The massive Golden Plains Wind Farm project, to be built "on a scale never seen before in the Southern Hemisphere", has secured an operator, equity funding and a turbine supplier.
The proposal is to build more than 200 wind turbines around Rokewood, south of Ballarat in Victoria, in one of the largest on-shore wind power projects in Australia - each turbine could be 200 metres tall, with a blade arc larger than the diameter of the MCG.
Construction on the first phase, which would include 122 turbines, could begin as soon as June.
Proponent and developer WestWind stated $3 billion of equity funds had been supplied by European conglomerate TagEnergy, which will also operate the project.
Vestas has signed up as supplier for the turbines themselves, which will produce about 6.2 megawatts each when in operation.
A large-scale battery storage facility will also be built nearby, with a 300MW capacity.
WestWind states the project will be able to power about eight per cent of Victoria, or 750,000 when complete, or "every home in regional Victoria", according to a media release.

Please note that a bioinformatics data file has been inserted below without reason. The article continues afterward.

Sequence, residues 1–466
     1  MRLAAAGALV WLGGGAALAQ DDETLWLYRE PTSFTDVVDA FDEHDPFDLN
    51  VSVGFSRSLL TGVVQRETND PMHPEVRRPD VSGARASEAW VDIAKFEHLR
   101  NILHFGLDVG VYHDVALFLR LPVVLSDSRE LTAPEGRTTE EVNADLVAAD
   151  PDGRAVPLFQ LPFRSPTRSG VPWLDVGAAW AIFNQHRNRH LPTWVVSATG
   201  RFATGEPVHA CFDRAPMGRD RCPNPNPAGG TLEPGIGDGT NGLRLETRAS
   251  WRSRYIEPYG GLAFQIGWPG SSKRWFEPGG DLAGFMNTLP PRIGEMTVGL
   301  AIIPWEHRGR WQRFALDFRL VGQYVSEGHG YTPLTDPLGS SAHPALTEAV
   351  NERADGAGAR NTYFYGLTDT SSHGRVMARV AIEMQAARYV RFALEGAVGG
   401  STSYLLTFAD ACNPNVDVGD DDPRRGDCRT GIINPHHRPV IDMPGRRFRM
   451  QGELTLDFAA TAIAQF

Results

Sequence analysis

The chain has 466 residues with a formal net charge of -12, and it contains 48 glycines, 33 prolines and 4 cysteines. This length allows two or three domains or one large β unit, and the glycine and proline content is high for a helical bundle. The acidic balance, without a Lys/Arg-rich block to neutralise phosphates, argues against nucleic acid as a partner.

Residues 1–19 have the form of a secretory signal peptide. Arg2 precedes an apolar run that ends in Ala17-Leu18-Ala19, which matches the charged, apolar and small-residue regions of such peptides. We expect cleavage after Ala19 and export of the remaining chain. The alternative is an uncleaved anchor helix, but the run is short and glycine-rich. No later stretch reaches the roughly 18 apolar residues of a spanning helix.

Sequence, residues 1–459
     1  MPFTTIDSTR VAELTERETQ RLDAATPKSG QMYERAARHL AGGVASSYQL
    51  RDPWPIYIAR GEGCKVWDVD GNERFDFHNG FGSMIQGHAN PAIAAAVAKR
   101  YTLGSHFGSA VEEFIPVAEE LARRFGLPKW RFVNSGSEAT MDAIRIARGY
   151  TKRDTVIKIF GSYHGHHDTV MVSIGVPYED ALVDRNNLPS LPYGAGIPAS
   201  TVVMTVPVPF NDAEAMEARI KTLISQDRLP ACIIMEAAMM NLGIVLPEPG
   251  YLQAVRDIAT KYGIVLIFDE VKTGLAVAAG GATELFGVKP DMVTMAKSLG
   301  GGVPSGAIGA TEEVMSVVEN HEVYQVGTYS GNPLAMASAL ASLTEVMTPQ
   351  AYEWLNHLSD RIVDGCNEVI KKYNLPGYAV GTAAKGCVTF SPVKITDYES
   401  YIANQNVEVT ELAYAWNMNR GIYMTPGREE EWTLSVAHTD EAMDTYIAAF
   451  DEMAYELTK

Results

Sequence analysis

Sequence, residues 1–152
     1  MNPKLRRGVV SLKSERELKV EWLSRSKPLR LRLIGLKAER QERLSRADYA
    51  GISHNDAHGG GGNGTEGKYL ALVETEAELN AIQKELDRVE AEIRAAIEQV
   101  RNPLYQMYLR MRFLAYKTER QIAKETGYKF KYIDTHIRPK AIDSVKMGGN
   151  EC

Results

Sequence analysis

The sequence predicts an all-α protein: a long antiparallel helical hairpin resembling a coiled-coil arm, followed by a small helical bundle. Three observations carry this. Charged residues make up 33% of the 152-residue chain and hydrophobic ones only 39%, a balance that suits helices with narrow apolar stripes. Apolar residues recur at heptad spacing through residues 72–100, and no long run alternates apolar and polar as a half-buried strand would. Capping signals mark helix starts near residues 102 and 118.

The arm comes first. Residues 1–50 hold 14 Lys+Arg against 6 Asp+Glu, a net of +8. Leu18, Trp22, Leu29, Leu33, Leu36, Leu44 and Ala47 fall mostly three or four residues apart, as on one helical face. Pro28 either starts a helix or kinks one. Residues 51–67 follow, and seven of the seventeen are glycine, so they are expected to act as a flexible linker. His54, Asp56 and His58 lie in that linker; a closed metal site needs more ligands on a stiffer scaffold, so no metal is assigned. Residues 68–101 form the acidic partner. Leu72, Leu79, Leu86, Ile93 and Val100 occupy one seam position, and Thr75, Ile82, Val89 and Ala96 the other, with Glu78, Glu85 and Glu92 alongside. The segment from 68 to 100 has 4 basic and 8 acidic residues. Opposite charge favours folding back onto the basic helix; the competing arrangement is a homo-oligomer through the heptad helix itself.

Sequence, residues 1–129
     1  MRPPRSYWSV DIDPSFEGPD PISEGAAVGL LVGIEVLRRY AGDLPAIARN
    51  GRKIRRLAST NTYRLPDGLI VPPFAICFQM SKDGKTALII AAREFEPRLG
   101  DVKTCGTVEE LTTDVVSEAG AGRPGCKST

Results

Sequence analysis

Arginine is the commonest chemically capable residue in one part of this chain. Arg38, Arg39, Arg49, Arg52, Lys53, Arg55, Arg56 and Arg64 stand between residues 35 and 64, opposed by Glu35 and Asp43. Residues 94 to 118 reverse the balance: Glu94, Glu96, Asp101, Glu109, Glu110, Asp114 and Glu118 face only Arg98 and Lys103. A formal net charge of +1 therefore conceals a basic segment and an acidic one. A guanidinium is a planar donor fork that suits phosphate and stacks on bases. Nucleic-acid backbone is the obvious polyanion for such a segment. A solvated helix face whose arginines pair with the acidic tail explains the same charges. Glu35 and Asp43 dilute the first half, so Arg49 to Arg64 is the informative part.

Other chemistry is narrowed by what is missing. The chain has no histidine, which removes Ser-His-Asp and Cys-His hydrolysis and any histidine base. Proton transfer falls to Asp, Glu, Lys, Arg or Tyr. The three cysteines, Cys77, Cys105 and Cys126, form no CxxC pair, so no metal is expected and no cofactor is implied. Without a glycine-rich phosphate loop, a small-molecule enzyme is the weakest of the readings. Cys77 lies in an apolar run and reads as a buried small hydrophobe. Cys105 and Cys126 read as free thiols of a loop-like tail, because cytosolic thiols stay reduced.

The project had faced some opposition from residents during its development, including concerns over brolga populations in the area, but this was resolved with a planning permit amendment issued from the state government late last year.
The media release noted "(t)he Golden Plains Shire has a strong wind resource which, combined with vastly cleared land thanks to decades of agricultural activity, makes a great canvas to build upon".
"The high voltage 500kv powerline which runs directly adjacent to the southern boundary of the site allows for direct access to the energy grid, removing the need for additional power lines beyond the boundaries of the project."
WestWind was contacted for further comment.
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